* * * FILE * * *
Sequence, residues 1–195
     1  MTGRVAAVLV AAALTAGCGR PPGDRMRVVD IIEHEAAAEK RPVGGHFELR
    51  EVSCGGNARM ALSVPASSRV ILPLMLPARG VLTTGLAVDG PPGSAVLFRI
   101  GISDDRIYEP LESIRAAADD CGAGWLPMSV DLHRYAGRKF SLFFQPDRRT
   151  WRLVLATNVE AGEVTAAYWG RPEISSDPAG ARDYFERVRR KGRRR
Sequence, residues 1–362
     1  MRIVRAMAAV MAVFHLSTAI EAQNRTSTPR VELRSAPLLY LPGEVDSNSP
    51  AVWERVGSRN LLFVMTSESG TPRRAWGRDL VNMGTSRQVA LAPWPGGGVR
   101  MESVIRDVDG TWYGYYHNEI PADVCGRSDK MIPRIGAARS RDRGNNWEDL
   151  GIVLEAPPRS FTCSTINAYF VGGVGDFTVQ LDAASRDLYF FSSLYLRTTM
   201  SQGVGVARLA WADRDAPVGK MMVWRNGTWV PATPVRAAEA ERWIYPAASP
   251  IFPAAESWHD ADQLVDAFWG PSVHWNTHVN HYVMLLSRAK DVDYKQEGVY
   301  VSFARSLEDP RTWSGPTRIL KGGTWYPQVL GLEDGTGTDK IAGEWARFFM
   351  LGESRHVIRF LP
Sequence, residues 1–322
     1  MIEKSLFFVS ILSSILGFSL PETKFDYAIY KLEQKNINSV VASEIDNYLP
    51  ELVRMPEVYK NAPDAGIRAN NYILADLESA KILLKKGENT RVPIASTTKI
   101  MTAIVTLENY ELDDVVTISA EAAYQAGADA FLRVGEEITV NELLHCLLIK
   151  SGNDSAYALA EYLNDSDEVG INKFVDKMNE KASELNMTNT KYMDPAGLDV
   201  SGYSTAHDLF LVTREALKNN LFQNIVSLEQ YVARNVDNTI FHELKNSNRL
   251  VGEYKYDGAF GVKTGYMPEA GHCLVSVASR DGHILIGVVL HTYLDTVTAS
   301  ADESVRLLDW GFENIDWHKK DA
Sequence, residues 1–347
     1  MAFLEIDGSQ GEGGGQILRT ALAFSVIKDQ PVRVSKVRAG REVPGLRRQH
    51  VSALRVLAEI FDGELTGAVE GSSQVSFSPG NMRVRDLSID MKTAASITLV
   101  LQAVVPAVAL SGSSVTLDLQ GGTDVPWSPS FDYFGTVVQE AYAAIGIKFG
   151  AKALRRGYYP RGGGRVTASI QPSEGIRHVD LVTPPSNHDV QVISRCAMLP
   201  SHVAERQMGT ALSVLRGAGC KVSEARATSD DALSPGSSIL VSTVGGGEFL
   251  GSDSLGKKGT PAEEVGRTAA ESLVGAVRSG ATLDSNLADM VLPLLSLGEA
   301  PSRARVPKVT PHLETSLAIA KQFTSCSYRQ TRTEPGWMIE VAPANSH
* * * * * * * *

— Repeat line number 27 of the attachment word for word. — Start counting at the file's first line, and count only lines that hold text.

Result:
   151  AKALRRGYYP RGGGRVTASI QPSEGIRHVD LVTPPSNHDV QVISRCAMLP